THE TÁNAISTE SAYS that raising the Dublin and Monaghan bombings with the British government remains a priority, but that he did not raise the issue during the recent State visit.
Eamon Gilmore was asked on Thursday by Fianna Fáil’s Brendan Smith if the bombings, which are approaching their fortieth anniversaries, were raised with the British Foreign Secretary.
Smith particularly focused on a request made to the British Government to release papers on the matter.
Smith also asked if the issue had been raised with the Northern Ireland Secretary of State.
Responding, Gilmore said that the issue had been raised with Theresa Villiers in the past, but did not say that the issue had been raised during the President’s State visit to England, which Gilmore had been a part of.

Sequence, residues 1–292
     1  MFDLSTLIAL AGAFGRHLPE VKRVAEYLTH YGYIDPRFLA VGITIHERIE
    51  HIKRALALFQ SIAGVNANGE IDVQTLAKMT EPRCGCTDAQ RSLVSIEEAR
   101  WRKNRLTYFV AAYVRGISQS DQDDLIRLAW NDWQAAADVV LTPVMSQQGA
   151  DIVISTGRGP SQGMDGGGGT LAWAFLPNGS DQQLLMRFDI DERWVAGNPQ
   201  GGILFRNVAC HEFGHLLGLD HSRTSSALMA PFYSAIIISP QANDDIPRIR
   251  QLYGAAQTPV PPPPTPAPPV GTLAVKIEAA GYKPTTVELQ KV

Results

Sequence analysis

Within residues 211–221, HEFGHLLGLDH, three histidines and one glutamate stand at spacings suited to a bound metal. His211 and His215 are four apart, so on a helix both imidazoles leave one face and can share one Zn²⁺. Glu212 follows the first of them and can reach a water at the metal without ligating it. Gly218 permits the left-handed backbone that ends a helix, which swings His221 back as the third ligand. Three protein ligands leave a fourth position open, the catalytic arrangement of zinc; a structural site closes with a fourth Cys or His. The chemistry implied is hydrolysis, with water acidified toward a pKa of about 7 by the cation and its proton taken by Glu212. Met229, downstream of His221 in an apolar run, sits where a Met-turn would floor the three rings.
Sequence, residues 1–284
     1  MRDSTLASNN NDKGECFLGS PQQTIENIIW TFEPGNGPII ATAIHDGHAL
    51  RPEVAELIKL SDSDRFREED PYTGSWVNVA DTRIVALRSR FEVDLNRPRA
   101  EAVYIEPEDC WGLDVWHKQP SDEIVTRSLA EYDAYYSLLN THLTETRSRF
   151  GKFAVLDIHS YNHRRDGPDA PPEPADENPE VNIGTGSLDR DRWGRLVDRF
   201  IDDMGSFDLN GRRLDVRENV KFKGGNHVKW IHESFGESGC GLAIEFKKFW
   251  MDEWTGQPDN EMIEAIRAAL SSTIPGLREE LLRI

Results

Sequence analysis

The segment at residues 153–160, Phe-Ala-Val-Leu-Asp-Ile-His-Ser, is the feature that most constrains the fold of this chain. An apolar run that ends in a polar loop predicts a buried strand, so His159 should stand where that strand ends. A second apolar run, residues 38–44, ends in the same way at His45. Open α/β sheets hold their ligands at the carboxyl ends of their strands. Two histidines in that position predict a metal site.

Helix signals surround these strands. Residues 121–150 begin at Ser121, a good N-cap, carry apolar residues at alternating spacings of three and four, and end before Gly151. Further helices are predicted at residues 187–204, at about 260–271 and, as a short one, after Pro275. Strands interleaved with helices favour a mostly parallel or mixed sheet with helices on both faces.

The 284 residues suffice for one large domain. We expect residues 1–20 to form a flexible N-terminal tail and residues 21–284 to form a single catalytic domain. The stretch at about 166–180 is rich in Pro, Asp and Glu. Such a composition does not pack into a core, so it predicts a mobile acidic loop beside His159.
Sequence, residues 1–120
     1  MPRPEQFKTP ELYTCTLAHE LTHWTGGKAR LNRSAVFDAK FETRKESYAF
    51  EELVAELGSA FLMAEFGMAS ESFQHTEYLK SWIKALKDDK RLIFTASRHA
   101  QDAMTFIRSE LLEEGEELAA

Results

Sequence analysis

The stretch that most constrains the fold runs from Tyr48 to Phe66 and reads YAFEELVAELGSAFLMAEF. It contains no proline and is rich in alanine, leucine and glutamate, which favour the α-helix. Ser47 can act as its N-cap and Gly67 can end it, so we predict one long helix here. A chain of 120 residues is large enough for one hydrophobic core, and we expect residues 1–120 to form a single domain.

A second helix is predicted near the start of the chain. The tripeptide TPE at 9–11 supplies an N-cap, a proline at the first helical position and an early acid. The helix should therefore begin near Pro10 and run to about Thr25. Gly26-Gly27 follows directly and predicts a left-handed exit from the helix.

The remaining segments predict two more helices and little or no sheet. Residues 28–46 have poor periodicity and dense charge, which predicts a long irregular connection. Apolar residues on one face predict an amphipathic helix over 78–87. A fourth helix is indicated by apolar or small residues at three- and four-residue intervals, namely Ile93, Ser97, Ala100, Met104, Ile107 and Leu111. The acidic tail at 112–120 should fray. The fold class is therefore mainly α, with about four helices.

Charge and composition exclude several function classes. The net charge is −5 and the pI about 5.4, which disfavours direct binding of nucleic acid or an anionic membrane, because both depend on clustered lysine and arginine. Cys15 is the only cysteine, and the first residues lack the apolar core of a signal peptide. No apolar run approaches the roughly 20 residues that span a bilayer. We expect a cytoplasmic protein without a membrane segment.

“The Taoiseach and I have reiterated our support for the all-party Dáil motions of July 2008 and May 2011 urging the British Government to hand over all original documents in their possession relating to the bombings. I met with Justice for the Forgotten most recently on 26 March and confirmed the Government’s ongoing support. I welcome also the continued all-party support for their campaign on behalf of the Dublin/Monaghan families,” said Gilmore.
He said that the bombs, which marked the single bloodiest day of The Troubles, with 33 left dead, would continue to be pressed by the government.
“I have raised the matter of access to information related to the bombings with my ministerial counterparts in the British Government, including during a meeting with the Secretary of State for Northern Ireland, Theresa Villiers MP on 31 March.
“On that occasion, the Secretary of State agreed that the British Government would reflect afresh on the Government’s request.
“The Government will continue to pursue the issue at both ministerial and official level.”